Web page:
We all know that we don’t pat the back of a colleague in Korea to thank them for a “job well done”. Or eat with your left hand in India, or sip vodka in Russia. In many countries, these actions are harmless. But in others, they can give a wrong impression or cause offense.

In fact, whatever culture you’re from, it’s likely that you routinely do something that could cause offense somewhere else in the world. So here is:

A primer on how to avoid mistakes in Belgium

Don’t associate the country with the European Union, or at least don’t tell Belgian people about it. Although the EU has chosen to put most of its headquarters in Belgium, it doesn’t mean that Belgians have anything to do with it. Most Belgian people don’t care about the EU any more than an other person in another country in the continent. Foreigner’s perception of Belgium as being ‘the EU country’ is not only strange to Belgians but also very offensive to them because it sounds like you bypass them to focus on a organization in which they are just one country amongst 28 (don’t forget, the EU also has institutions headquartered in other countries too). You wouldn’t call the United States ‘the UN country’ just because the UN has its headquarters in New-York, so don’t do the same to Belgium. Belgians don’t like to talk about their income or politics. You must also avoid asking people about their views on religion. Religion is considered a strictly private matter. The Flanders-Wallonia question or dispute and the high number of separatist and extreme-right votes in Flanders are controversial topics and you must avoid asking people about their views on these as well. Keep any opinions or biases to yourself. Do NOT try to speak French in Flanders, and Dutch in Wallonia! Speaking the “wrong” language can be considered very offensive in the two regions, and you will either be ignored or at worst get an icy response and substandard service. However, the closer you get to the language border this will happen less frequently. The situation is also less intense within the legally bilingual Brussels though French is usually a better bet there. Across the country, the lingua franca between both Flemings and Wallons has become English especially among the younger generations, to avoid being spoken to in the “other language”. That is why as a tourist, it is best to start a conversation in English or the “correct” language, that is Dutch in Flanders and French in Wallonia. Do NOT tell the Walloons (and most of the people of Brussels) that they are French. Most Walloons, despite speaking French, are not and do not consider themselves French and dislike being associated with their neighbour France. And for the same reason, do NOT tell the Flemish (and also the people of Brussels) that they are Dutch. Most Flemings, despite speaking Dutch (Flemish), are not and do not consider themselves Dutch and dislike being associated with their neighbour the Netherlands. Belgians in general are very proud of their comic book artists. The “Belgian school of comic books” is hailed as a national pride. In Belgium, comic books are valuable books printed with a hard cover. There are dozens of beautiful yet expensive merchandizing items, and the Belgians are fond of them. A plastic figurine of a comic book character or a special artwork of a hailed comic book artist would be a perfect gift for your Belgian friends and in-laws, for example. Giving tips shows that you were content with the service given, but you are certainly not obliged to do so. It is sometimes done in bars and restaurants. Depending on the total, a tip of €0,50 to €2,50 is considered generous. It is considered EXTREMELY IMPOLITE in Belgium to give unwarranted advice. Belgian people are usually quiet and good-humoured but they will surprise you with big anger if you jump in to give them your opinion on what they are doing without them asking for it. Do not tell people what they should do with their life in Belgium, ever. Have respect for the things that are made in Belgium (or at least considered to be made). For example, you have to be respectful for the Belgian made fries.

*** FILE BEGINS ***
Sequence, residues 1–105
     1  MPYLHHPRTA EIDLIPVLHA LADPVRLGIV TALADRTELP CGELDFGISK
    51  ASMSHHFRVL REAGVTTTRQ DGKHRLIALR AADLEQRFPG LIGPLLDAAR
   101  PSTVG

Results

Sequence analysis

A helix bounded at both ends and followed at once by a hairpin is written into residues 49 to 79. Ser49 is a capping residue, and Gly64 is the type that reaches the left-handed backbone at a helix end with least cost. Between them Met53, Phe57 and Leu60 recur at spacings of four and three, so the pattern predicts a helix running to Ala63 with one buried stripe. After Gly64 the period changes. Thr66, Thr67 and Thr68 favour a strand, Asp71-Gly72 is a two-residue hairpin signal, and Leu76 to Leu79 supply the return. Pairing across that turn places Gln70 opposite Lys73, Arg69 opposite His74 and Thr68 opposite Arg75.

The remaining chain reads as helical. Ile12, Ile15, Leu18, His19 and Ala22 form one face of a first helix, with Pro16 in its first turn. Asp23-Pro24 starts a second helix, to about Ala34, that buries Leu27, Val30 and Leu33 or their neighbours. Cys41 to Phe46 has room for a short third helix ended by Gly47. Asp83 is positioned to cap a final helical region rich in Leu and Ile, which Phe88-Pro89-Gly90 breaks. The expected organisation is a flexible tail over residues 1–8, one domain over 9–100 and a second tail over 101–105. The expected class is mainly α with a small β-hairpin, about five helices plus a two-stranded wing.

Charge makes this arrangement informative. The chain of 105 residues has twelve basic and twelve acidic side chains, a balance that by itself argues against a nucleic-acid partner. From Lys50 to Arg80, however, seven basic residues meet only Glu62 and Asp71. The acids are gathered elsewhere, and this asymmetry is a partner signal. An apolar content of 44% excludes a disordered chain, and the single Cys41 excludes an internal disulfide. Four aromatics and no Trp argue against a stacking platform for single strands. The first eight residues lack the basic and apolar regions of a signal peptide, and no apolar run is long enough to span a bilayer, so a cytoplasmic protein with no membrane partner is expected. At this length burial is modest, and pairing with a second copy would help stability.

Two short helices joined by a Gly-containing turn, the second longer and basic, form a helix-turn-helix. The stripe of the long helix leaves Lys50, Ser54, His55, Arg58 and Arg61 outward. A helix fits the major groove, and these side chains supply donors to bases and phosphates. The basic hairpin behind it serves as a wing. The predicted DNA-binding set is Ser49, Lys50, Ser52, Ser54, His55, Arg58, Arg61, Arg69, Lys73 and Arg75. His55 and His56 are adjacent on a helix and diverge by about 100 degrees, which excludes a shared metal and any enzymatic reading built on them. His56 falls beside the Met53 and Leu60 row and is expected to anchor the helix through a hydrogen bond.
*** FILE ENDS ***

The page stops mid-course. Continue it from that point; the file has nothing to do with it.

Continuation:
With this, you had the primer on key facts about Belgium, and key facts on culture and customs. Another important part of the culture is the local food and the local drinks. Make sure you read our posts on Belgium food and drinks:

Local food you should try in Belgium and No miss drinks in Belgium.

Other tips that you’d like to share on mistakes to avoid in Belgium? Please comment below.